Bulletin News

EOP scholar honored by SUNY


Even as Jayson Rivera navigated the disadvantages of growing up with a single parent in public housing in a tough Manhattan neighborhood, he was helping others overcome similar barriers to success.

“I was a high schooler working with grade schoolers and middle schoolers with the Opportunity Program Network,” recalled Rivera, now a SUNY Cortland senior adapted physical education major and recipient of a SUNY-wide 2022 Norman R. McConney, Jr. Award for EOP Student Excellence.

“Being a mentor, trying to guide them in the right path, it’s basically what made me want to be a teacher,” Rivera said.

Rivera remembers April 17, 2018 as the day he was accepted at SUNY Cortland as an Educational Opportunity Program (EOP) student.

“I was so excited. I didn’t pick any other school,” Rivera recalled.

EOP academic counselor Judy Stoddard M '10 speaks with Jayson Rivera outside Cornish-Van Hoesen Hall.

Cortland’s EOP program helped him jump all obstacles, providing him not only with a place among its first-year class but all the access and support he required to reach his full academic and personal potential. The program gave him an intensive summer of academic preparation before his first-year student experience, financial aid, ongoing academic counseling, tutoring and the emotional support from his many EOP classmates.

He’s the third SUNY Cortland student to earn the SUNY-wide award since its creation in 2019 and only around 40 are bestowed annually. The McConney Award is named in honor of a late architect of the Educational Opportunity Program and a champion for addressing inequities faced by economically disadvantaged and underrepresented populations.

“The award celebrates EOP students who have overcome significant obstacles in life to achieve educational and personal excellence,” said SUNY Cortland EOP director Lewis Rosengarten. “Jayson has proven his excellence here at Cortland including during this unprecedented time.”

Rivera will be honored with other awardees this spring in Albany, N.Y., during a ceremony that will include New York State legislators and other dignitaries.

“I’m honored to receive this,” Rivera said. “I know sometimes I put in a lot of work in the community at SUNY Cortland and overall. And other people see it, but sometimes I don’t see it in myself and give myself credit. This award really made me stop and think and take in all the things I’ve done.”

“From the moment he got here in the summer of 2018, he’s been very focused,” said Cortland EOP Academic Counselor Judy Stoddard M '10, who helped Rivera stay on track for college success.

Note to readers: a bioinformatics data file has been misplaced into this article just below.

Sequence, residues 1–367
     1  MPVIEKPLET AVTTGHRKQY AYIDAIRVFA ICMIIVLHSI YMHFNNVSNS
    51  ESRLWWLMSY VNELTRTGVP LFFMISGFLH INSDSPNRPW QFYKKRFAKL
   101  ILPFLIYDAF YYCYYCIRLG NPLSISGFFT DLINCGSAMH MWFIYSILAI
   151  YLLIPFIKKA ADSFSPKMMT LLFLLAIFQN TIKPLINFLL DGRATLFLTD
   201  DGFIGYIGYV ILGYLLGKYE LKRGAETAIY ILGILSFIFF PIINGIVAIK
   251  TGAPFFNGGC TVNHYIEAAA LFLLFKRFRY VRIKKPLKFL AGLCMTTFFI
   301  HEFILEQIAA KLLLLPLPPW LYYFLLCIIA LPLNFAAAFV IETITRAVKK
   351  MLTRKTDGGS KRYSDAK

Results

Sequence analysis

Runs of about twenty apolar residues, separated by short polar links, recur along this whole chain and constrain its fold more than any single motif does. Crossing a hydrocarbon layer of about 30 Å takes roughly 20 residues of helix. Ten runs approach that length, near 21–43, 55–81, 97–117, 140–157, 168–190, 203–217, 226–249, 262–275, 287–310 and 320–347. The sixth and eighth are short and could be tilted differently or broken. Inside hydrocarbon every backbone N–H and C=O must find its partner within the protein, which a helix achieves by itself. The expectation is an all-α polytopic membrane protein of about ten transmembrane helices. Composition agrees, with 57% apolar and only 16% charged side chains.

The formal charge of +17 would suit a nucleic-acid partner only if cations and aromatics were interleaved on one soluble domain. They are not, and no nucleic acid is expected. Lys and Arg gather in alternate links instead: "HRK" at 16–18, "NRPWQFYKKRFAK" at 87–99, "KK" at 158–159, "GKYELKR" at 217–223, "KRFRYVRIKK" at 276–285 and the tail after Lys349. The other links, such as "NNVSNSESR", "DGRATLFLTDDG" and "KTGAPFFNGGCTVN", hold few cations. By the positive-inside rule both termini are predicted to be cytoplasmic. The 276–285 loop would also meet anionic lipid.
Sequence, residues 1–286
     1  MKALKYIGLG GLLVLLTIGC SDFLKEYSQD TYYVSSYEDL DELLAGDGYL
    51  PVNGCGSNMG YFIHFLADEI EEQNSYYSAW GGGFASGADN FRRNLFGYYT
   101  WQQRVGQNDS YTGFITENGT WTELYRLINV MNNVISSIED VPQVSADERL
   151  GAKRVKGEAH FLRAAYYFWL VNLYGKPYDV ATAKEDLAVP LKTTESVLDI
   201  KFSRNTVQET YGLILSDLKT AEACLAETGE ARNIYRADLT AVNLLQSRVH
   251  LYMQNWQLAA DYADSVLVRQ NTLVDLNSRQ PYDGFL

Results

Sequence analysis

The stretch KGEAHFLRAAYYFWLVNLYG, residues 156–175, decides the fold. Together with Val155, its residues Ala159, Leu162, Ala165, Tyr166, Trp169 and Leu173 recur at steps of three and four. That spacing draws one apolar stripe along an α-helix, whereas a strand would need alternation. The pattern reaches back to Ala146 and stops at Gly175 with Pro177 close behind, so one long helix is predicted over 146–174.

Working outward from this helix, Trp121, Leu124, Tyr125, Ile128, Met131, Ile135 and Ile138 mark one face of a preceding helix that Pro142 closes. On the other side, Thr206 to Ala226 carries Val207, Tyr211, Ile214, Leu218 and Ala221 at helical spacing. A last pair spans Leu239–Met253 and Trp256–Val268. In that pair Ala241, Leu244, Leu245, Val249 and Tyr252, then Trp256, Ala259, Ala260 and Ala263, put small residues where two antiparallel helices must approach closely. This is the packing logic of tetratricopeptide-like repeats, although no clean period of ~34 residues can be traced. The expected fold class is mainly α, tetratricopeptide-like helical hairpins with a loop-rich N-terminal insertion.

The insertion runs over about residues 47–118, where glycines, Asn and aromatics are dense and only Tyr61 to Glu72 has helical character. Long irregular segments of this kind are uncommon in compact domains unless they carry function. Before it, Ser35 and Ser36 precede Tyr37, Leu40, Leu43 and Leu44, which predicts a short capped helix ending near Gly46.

“He took all the information in he needed,” she said. “He wanted to do well academically.”

As he finishes his last semester this spring by completing his student teaching at Corcoran High School in Syracuse, N.Y., Rivera can look back with satisfaction on what he has accomplished:

  • Rivera was accepted into Cortland’s prestigious Urban Recruitment of Educators (C.U.R.E.) scholarship program, which offers financial support and a curriculum tailored to created highly qualified teachers for the unique challenge of serving students in city schools around New York state.
  • He was inducted into the National Honor Society for the Educational Opportunity Program, Chi Alpha Epsilon, which requires at least a 3.0 overall GPA for two semesters in a row.
  • Outside class, Rivera participates in scholarly, community and social activities of the Greek organization for Latinx men, La Unita de Latina Lambda Upsilon Lambda.

“When I joined the fraternity, I had one of my best semesters where my GPA went from being a 2.8 to a 3.27,” Rivera said. “I have ended up this semester with a 3.17 GPA.”

Jayson Rivera meets with his Educational Opportunity Program academic counselor, Judy Stoddard.

“Jayson is very determined and kind of no-nonsense as far as what he wanted to accomplish academically,” Stoddard added. “Also he’s just a good person, with integrity, focused on his goals.”

“I grew up in the projects,” Rivera said. “You see shootouts, drug dealings, people being stabbed in front of me, a lot of violence. I really wanted to get out of that environment.”

Two alumni who were his high school coaches, Chris Lora ’09 and the late Emmanuel Frias ’08, placed academics at Cortland in his path after a knee injury ended the baseball standout’s athletic ambition.

“Chris grew up in somewhat the same environment as me, in Washington Heights,” Rivera said of SUNY Cortland’s most recent M.O.V.E. event keynote speaker.

“He showed me that there is a way out. He really motivated me to come to college and just to do better for myself overall. It really impacted me a lot.”

After he graduates, Rivera would like to land a job to teach in Syracuse for a few years, save a little rent money, then continue teaching back in New York City.

“I’ve always loved working with kids,” Rivera said. “It gives me an opportunity to grow as well. I could be always learning.”